- - Sunday, March 14, 2021

Religion is divisive.

That was the sum of a Twitter comment to a news story that President Biden, like a billion or so of his fellow Catholics, had gone to Mass recently.

At first, I was prepared to take offense. But on reflection, it occurred to me that the commenter was correct — religion is divisive. Jesus himself noted that he came not “to bring peace, but a sword. …  to set a man against his father, and a daughter against her mother, and a daughter-in-law against her mother-in-law; and a man’s foes will be those of his own household.”

So, yes, religion is divisive. So is art. So is scholarship. So is love. So is family.

Pretty much everything that makes life worthwhile is going to cause discomfort to some and serve to divide human beings along lines of belief and preference.

That is OK.

The alternative is to live in a homogenized state of conformity in which we all agree about everything, and we accept the status quo (to not accept the status quo would be divisive). In other words, to live in a world without progress or meaning or beauty.

It is no accident that totalitarian regimes always seek to shrink the human experience, to shear away religious beliefs, scholarly and artistic accomplishments, and familial and social attachments, and to emphasize unity above all else. Unity is nothing more than a call for intellectual and social conformity, so that those who are ruled can be ruled more efficiently. Alternative thoughts are dangerous to societies that depend on conformity.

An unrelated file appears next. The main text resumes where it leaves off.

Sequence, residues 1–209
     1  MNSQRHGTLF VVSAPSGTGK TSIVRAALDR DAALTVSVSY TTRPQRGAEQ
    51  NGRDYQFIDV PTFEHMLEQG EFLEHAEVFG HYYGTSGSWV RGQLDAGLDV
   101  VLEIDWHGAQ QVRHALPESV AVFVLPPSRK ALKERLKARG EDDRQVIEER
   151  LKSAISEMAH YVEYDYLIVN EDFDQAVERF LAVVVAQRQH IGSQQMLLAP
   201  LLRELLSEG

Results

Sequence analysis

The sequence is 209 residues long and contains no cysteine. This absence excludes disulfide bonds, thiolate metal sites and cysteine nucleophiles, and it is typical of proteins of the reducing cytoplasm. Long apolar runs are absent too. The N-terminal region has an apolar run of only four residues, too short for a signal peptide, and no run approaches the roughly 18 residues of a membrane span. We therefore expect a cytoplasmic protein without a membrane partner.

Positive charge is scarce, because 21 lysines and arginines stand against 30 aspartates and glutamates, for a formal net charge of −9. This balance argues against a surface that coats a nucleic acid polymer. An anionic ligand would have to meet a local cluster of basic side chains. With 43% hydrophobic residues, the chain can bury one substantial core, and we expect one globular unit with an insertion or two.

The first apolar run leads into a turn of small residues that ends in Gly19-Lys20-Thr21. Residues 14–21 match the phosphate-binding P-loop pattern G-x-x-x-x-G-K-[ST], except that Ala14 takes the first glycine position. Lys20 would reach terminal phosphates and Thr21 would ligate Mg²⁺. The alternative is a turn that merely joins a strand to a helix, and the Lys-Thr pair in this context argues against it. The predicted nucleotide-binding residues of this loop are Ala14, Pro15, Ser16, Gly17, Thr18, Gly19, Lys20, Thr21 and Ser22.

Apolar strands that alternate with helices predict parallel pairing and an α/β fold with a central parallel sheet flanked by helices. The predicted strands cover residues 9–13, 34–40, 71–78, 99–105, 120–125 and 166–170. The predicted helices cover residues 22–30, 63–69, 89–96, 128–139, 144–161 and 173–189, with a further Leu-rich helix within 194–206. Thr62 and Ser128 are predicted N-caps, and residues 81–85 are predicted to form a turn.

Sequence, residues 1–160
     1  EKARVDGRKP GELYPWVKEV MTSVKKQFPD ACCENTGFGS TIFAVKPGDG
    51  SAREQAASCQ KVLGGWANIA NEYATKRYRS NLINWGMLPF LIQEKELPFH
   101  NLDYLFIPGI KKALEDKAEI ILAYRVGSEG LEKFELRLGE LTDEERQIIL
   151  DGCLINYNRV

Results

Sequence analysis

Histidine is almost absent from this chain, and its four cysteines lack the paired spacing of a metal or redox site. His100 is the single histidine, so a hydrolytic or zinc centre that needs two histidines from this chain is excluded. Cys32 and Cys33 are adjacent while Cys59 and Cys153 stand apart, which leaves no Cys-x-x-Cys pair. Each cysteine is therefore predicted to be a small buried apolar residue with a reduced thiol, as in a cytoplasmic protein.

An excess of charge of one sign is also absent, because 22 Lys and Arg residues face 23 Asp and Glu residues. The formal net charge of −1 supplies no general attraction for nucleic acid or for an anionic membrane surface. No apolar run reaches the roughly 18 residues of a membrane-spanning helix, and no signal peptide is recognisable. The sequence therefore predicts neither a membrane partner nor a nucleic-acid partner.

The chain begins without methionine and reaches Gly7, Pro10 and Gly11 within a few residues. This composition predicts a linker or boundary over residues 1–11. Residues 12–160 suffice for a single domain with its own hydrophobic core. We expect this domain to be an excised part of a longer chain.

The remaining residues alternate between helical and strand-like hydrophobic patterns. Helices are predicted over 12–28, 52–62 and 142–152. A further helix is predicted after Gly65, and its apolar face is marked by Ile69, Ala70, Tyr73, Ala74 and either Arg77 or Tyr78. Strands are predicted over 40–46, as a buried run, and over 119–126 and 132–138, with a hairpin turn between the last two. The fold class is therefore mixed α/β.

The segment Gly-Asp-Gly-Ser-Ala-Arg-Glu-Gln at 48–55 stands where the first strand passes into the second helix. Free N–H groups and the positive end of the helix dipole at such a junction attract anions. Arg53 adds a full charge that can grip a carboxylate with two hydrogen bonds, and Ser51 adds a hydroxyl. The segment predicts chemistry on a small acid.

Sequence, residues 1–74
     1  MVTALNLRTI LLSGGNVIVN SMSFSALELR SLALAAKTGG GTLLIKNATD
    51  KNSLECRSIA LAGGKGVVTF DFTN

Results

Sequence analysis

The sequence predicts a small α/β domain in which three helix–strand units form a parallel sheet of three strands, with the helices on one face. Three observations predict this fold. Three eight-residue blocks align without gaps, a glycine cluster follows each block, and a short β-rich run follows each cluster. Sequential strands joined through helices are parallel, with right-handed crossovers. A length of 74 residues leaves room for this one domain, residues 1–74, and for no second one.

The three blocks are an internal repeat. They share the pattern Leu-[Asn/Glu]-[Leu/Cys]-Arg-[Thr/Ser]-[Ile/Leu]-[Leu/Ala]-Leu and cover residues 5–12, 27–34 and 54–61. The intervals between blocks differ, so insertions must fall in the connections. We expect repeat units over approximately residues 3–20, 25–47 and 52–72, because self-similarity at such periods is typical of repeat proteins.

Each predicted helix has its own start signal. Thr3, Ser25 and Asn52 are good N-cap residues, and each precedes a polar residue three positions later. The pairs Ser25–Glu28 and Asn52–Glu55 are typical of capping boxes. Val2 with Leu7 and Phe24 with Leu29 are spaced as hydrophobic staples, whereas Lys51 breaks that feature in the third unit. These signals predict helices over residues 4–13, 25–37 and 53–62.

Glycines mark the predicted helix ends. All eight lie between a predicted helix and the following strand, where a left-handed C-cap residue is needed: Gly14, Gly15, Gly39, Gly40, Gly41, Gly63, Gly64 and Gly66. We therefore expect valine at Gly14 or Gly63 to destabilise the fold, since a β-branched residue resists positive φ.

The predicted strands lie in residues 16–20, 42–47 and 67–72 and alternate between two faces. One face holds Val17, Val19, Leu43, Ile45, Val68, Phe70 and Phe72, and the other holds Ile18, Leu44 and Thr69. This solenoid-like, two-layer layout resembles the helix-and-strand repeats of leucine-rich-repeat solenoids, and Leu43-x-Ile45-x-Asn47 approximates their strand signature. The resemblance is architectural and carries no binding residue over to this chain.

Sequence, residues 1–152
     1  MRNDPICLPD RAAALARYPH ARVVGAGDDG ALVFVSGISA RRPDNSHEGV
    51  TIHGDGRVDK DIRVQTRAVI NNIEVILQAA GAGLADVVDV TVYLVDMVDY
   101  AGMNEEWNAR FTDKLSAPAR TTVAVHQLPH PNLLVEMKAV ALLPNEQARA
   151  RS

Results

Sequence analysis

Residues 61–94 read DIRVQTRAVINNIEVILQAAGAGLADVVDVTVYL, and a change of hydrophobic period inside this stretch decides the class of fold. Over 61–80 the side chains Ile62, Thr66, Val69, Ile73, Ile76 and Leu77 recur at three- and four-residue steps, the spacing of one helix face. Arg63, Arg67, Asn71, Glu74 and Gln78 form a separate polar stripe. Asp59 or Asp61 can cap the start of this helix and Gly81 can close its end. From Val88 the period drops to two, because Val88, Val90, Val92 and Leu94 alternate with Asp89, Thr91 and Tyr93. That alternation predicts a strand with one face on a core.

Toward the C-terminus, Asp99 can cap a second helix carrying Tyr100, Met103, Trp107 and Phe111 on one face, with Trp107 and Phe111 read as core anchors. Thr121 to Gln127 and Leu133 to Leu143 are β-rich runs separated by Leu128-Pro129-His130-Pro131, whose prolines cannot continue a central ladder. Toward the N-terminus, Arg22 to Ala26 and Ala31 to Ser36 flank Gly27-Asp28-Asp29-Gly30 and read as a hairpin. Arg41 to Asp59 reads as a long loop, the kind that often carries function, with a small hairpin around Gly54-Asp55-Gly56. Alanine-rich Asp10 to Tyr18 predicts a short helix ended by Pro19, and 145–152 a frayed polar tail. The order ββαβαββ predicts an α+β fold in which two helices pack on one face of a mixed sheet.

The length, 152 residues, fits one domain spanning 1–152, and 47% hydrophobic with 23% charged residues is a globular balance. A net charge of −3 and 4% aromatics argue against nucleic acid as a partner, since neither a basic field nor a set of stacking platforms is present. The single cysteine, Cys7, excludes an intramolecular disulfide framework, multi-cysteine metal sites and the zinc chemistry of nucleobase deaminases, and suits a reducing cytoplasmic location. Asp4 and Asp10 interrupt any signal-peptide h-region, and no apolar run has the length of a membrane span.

It is no accident that the Chinese communists emphasize unity above all else.

This compulsory unity is in direct opposition to the primacy of the individual, individual freedom, intellectual tolerance and even of all the things – limited government, respect for God-given rights or emphasis on a constrained and knowable law — that make individual freedom truly possible.

This nation was not built by and will not survive on hazy notions of unity. It was built by cantankerous, divisive, searching people who decided that self-rule was better than rule by a distant and indifferent aristocracy, that candle light was insufficient, that there had to be a better way to make cars, that steel is better than iron, that polio could be cured, etc.

When the leader of a nation calls for unity without any clear action around which we are to unify (like winning a war), what they really mean is, “stop disagreeing with me.”

Think about our current situation. Our present leader has called repeatedly for unity. Does he mean unity of purpose in making the nation great? Or does he simply mean that we are to stop disagreeing with him?

Does he intend to achieve this unity by limiting his own preferences and accepting some of the preferences of others? It is difficult to say. Perhaps we should ask the Republican senators whose policy preferences were ignored, but who were nonetheless used as props in a photo opportunity when they went to the White House a few weeks ago.

Surely, our current president must understand that his own calls for unity are, in some measure, efforts to suppress disagreement with the rulers and the governing leitmotif. No self-respecting Irishman conscious of his history could possibly misapprehend the dangers inherent in the demand for unity in thought, word and deed.

Yes, religion is divisive, especially the Christian religions, which specifically and repeatedly demonstrate indifference to secular rulers. It is no accident that almost certainly more Catholics are killed now because of their faith than at any time in history. The current age demands … and in many instances can enforce — unity more than ever.

Yes, religion is divisive. Each of us, irrespective of belief, should be thankful every day that it is. Something needs to be.

• Michael McKenna, a columnist for The Washington Times, is the president of MWR Strategies. He was most recently a deputy assistant to President Trump and deputy director of the Office of Legislative Affairs at the White House.

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